(ca. 345407). Patriarch of Constantinople. Name Chrysostom (from Gk. chrysostomos, goldenmouthed) not applied to him till after his death. Mem. of a rich patrician family; studied rhetoric and philos.; intended to follow law, but turned to the Bible instead, leading the life of a strict ascetic in the first yrs. after his baptism; priest in Antioch 12 yrs.; patriarch of Constantinople 398. Immediately inaugurated needed reforms and laid the foundation for systematic charitable work. But his position became increasingly insecure because of enemies he made by his rigorous rules and fearless attacks on luxury. Under auspices of Eudoxia, Theophilus* of Alexandria assembled the Syn. ad. Quercum* 403 that deposed and banished Chrysostom. After his recall another syn., at Constantinople, again condemned him; banished by force to Asia Minor; died at Comana, Asia Minor, before reaching destination. Fame rests chiefly on his sermons, in which he reached great heights of oratory. Writings may be divided chiefly into homilies, treatises, and letters and include On the Priesthood; On Penance; On Celibacy. See also Acacius of Beroea; Amulets; Agapetae; Doctor of the Church; Fathers of the Church; Patristics, 6.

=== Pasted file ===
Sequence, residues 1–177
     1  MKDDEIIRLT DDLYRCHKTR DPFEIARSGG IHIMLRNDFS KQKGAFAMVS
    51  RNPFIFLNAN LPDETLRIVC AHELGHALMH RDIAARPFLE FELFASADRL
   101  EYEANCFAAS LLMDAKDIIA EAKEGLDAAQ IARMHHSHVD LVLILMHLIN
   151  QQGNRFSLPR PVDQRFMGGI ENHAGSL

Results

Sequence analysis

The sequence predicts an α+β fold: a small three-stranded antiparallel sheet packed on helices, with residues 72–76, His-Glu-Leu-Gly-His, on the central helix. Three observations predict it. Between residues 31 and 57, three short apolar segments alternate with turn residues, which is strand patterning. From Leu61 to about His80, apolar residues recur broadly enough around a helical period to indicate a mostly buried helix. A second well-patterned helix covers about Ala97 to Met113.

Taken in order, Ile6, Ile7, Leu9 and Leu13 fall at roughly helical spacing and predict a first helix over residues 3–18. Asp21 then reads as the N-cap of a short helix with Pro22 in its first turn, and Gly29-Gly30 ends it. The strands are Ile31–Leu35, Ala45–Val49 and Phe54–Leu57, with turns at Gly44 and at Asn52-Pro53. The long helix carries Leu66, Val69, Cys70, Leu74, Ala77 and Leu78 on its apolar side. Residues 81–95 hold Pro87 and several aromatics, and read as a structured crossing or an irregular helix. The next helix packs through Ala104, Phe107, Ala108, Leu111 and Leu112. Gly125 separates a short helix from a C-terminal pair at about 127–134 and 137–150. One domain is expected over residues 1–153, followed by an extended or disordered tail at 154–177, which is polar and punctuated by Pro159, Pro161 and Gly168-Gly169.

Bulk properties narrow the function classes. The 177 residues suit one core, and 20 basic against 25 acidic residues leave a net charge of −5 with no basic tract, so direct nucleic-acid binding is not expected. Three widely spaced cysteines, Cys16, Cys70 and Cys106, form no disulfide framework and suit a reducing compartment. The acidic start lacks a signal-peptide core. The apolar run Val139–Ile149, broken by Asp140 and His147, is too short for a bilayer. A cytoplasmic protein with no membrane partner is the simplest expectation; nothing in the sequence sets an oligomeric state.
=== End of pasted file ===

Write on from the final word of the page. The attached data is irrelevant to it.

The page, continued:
C. Baur, John Chrysostom and His Time, tr. M. Gonzaga, 2 vols. (Westminster, Maryland, 195960); J. A. W. Neander, Der heilige Johannes Chrysostomas und die Kirche, 2 vols., 3d ed., new and improved print. (Berlin, 1858), Vol. I: The Life of St. Chrysostom, tr. J. C. Stapleton (London, 1838); W. R. W. Stephens, Saint John Chrysostom: His Life and Times, 3d ed. (London, 1883). ACR
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